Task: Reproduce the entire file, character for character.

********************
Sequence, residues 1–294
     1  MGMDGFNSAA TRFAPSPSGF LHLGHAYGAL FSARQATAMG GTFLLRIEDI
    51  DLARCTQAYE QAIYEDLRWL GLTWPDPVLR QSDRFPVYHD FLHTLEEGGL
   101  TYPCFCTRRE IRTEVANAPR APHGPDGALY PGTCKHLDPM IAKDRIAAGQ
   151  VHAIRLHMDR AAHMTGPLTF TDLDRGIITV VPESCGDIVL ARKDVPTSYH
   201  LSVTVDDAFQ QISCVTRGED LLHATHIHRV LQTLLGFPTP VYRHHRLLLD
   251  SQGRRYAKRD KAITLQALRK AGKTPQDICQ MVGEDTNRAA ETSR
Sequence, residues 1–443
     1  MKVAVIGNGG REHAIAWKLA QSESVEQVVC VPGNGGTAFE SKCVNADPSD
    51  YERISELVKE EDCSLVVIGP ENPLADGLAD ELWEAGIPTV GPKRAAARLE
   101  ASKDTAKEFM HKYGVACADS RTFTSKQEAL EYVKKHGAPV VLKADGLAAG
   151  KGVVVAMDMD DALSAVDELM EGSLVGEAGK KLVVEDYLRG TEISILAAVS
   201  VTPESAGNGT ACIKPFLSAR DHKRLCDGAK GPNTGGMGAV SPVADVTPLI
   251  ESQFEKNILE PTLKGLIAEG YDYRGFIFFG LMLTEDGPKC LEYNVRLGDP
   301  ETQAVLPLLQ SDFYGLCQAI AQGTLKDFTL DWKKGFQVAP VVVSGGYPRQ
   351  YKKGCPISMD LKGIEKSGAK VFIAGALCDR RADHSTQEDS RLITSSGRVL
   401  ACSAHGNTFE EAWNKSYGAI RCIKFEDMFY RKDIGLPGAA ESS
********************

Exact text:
Sequence, residues 1–294
     1  MGMDGFNSAA TRFAPSPSGF LHLGHAYGAL FSARQATAMG GTFLLRIEDI
    51  DLARCTQAYE QAIYEDLRWL GLTWPDPVLR QSDRFPVYHD FLHTLEEGGL
   101  TYPCFCTRRE IRTEVANAPR APHGPDGALY PGTCKHLDPM IAKDRIAAGQ
   151  VHAIRLHMDR AAHMTGPLTF TDLDRGIITV VPESCGDIVL ARKDVPTSYH
   201  LSVTVDDAFQ QISCVTRGED LLHATHIHRV LQTLLGFPTP VYRHHRLLLD
   251  SQGRRYAKRD KAITLQALRK AGKTPQDICQ MVGEDTNRAA ETSR
Sequence, residues 1–443
     1  MKVAVIGNGG REHAIAWKLA QSESVEQVVC VPGNGGTAFE SKCVNADPSD
    51  YERISELVKE EDCSLVVIGP ENPLADGLAD ELWEAGIPTV GPKRAAARLE
   101  ASKDTAKEFM HKYGVACADS RTFTSKQEAL EYVKKHGAPV VLKADGLAAG
   151  KGVVVAMDMD DALSAVDELM EGSLVGEAGK KLVVEDYLRG TEISILAAVS
   201  VTPESAGNGT ACIKPFLSAR DHKRLCDGAK GPNTGGMGAV SPVADVTPLI
   251  ESQFEKNILE PTLKGLIAEG YDYRGFIFFG LMLTEDGPKC LEYNVRLGDP
   301  ETQAVLPLLQ SDFYGLCQAI AQGTLKDFTL DWKKGFQVAP VVVSGGYPRQ
   351  YKKGCPISMD LKGIEKSGAK VFIAGALCDR RADHSTQEDS RLITSSGRVL
   401  ACSAHGNTFE EAWNKSYGAI RCIKFEDMFY RKDIGLPGAA ESS